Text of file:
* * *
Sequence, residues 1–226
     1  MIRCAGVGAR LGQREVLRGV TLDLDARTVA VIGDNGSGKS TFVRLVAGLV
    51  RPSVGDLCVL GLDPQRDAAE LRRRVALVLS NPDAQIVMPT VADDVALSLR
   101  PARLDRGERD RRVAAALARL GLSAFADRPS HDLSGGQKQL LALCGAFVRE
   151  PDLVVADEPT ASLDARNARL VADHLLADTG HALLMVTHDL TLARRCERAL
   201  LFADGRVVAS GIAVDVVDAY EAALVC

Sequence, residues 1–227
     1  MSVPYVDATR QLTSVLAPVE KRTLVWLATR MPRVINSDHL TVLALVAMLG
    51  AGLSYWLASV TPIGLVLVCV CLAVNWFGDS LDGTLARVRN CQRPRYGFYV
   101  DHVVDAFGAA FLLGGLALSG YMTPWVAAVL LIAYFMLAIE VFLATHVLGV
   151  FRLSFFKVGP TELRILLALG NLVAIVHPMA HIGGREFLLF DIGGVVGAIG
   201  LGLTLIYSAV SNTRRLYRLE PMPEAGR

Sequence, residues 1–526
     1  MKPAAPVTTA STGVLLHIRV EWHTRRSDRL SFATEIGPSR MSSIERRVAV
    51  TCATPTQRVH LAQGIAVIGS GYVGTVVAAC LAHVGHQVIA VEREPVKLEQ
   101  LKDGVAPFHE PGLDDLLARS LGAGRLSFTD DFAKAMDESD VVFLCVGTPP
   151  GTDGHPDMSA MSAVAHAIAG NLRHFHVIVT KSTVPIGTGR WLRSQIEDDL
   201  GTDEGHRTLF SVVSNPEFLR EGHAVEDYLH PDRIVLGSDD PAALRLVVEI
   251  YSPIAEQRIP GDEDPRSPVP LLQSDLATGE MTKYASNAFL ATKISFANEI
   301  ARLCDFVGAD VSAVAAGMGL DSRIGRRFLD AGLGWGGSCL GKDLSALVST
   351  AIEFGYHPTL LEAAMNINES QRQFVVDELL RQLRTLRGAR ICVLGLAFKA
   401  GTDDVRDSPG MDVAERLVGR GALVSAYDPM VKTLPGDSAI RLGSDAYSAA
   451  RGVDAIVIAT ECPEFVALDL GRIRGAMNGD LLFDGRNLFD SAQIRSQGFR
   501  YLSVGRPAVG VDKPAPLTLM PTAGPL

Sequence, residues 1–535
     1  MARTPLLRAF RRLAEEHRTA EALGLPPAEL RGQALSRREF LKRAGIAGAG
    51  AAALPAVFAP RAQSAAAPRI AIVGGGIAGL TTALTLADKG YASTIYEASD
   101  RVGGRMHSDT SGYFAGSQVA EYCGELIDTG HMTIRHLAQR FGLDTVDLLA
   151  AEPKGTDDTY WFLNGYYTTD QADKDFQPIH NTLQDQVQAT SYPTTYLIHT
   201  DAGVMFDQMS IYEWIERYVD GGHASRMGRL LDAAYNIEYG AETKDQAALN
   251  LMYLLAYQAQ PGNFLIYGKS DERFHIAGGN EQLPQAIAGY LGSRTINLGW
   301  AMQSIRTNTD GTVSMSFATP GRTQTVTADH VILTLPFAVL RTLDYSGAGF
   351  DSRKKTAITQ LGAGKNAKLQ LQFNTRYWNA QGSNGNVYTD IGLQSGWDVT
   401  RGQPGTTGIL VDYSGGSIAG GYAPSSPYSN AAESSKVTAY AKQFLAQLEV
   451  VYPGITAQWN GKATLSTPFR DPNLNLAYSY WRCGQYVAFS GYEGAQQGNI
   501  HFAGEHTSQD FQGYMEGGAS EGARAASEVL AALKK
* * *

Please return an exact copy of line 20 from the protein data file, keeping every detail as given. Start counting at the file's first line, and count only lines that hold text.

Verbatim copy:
   301  ARLCDFVGAD VSAVAAGMGL DSRIGRRFLD AGLGWGGSCL GKDLSALVST